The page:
According to mutually assured destruction, you lose your insurance that other countries won't nuke you
A commonly cited reason is the concept of mutually assured destruction (MAD), which is similar to the prisoner's dilemma. From Wikipedia:
The MAD doctrine assumes that each side has enough nuclear weaponry to destroy the other side and that either side, if attacked for any reason by the other, would retaliate without fail with equal or greater force. The expected result is an immediate, irreversible escalation of hostilities resulting in both combatants' mutual, total, and assured destruction. [...]
The doctrine further assumes that neither side will dare to launch a first strike because the other side would launch on warning (also called fail-deadly) or with surviving forces (a second strike), resulting in unacceptable losses for both parties. The pay-off of the MAD doctrine was and still is expected to be a tense but stable global peace.
In other words, if one country with nuclear weapons launched them at another country with nuclear weapons, the other would retaliate and the end result is that both countries would be destroyed. Since having your country be destroyed is not in your interests, that means that nuclear weapons don't get fired.
So now let's say that you are a country who is not on good terms with another country. If you remove your nuclear weapons, then other countries can fire nuclear weapons at you without fear of their country being destroyed. Thus a country following MAD may decide that removing their nuclear weapons is too big of a risk if other countries are allowed to keep theirs.
The converse is that if another country removes their nuclear weapons, but you keep yours, then you have an advantage over them because you can threaten to nuke them without fear of your own country being destroyed, so those who have nuclear weapons tend to want to keep them.
So why don't all countries just agree together to not use nuclear weapons?
That's exactly the point of the Treaty on the Non-Proliferation of Nuclear Weapons (NPT), in which countries that had nuclear weapons before 1967 (referred to as nuclear-weapon states) pledge not to expand their use, and countries that did not have nuclear weapons before that time pledge not to create them.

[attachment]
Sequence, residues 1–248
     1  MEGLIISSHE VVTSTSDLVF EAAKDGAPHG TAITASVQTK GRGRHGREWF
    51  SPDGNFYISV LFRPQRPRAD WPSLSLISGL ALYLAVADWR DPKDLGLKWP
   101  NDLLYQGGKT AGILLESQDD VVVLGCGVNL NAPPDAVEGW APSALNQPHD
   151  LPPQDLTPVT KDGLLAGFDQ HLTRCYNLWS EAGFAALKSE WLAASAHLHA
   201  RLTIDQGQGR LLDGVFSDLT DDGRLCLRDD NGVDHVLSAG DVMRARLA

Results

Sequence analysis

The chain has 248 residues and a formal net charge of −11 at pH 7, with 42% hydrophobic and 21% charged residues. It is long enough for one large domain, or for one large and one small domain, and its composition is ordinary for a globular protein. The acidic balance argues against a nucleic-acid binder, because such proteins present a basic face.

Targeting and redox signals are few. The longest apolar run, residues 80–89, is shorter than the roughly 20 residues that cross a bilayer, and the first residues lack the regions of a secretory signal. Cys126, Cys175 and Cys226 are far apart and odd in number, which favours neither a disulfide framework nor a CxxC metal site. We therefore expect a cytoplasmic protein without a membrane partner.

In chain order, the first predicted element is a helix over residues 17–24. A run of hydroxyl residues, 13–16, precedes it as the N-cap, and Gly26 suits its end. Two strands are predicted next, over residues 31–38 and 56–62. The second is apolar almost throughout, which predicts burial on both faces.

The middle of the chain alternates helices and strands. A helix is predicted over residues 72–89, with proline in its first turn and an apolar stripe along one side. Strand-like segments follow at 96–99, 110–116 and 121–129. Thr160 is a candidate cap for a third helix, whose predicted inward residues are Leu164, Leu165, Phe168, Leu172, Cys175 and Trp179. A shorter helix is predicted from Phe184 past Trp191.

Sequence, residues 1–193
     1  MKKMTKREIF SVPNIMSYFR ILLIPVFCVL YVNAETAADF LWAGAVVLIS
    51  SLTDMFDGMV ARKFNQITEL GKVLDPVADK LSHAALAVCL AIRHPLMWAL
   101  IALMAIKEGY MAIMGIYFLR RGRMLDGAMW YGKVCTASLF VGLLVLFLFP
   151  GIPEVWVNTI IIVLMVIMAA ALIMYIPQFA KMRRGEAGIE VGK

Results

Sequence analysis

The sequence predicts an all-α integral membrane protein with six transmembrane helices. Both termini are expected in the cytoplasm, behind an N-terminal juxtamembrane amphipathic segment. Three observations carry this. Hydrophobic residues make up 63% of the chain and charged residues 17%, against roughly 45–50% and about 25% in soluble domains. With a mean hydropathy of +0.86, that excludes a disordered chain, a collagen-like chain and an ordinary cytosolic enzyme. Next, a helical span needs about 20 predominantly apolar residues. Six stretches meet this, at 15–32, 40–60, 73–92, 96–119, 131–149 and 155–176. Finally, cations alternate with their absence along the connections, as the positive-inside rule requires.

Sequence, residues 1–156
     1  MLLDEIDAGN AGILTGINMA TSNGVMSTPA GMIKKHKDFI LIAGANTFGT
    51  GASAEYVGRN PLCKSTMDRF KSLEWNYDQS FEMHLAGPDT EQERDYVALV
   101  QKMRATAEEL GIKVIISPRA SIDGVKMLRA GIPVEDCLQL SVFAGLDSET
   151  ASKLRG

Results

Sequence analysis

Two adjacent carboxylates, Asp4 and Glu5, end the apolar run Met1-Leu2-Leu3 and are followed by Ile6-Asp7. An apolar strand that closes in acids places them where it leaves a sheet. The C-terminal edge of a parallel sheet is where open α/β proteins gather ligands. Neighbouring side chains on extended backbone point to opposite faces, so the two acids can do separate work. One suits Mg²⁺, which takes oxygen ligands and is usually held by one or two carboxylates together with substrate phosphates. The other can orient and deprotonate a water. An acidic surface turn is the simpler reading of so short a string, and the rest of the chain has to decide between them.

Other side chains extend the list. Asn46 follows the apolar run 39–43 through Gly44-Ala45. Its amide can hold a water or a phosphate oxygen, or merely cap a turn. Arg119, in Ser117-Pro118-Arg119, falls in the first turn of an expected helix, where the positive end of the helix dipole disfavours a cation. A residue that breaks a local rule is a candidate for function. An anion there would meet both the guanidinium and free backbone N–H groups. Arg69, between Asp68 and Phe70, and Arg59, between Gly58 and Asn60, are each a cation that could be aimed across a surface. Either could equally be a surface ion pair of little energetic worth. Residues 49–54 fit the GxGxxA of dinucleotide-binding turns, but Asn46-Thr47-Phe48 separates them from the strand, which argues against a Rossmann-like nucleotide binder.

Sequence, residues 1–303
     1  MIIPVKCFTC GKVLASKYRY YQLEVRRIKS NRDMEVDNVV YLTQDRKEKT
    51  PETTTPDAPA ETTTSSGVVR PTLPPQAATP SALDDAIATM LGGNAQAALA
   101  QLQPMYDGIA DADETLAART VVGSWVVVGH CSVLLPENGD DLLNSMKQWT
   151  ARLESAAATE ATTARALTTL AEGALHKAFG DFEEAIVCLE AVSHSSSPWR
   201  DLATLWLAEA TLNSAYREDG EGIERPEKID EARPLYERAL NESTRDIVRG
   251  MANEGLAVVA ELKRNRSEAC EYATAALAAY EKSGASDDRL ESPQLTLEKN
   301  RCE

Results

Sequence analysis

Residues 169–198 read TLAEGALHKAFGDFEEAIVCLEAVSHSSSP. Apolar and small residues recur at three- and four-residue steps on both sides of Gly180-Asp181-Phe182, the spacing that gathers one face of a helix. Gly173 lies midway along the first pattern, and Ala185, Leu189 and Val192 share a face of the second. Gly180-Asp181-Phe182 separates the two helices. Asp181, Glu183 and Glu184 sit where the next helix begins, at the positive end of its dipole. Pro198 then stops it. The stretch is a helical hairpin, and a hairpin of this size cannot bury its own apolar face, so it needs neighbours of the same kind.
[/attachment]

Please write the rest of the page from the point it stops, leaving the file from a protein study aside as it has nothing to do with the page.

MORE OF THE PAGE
As of this writing, the NPT has been signed by 191 nation states. There are only five UN-recognized countries that have not signed it, and they include the only four countries that have nuclear weapons, but are not nuclear-weapon states recognized by this treaty. All of these countries declined to sign the NPT, except for North Korea which signed it, but withdrew in 2003.
The book Avoiding the Tipping Point notes that while NPT hasn't removed all the nuclear weapons of the world, it has drastically limited their spread. At the time of the NPT's creation in 1968, there were estimates that within twenty years, 25-30 countries would have nuclear weapons. Today, only the four countries beyond the initial nuclear-weapon states have nuclear weapons.
A stronger version of this treaty, the Treaty on the Prohibition of Nuclear Weapons (a.k.a. Nuclear Weapon Ban Treaty), does provide a legally binding commitment against the stockpiling or use of nuclear weapons. Countries with nuclear weapons that choose to sign it are given a timetable to completely disarm their nuclear weapons. It was passed on 7 July 2017 and will be open for signatures on 20 September 2017. It will enter legal force 90 days after the 50th country signs it.
However, all current nuclear-weapon states and most NATO members (along with US allies Japan and Australia) have indicated that they do not plan to sign the Nuclear Weapon Ban Treaty, with many stating it is because they believe that having nuclear weapons has maintained peace in the region for over fifty years due to MAD.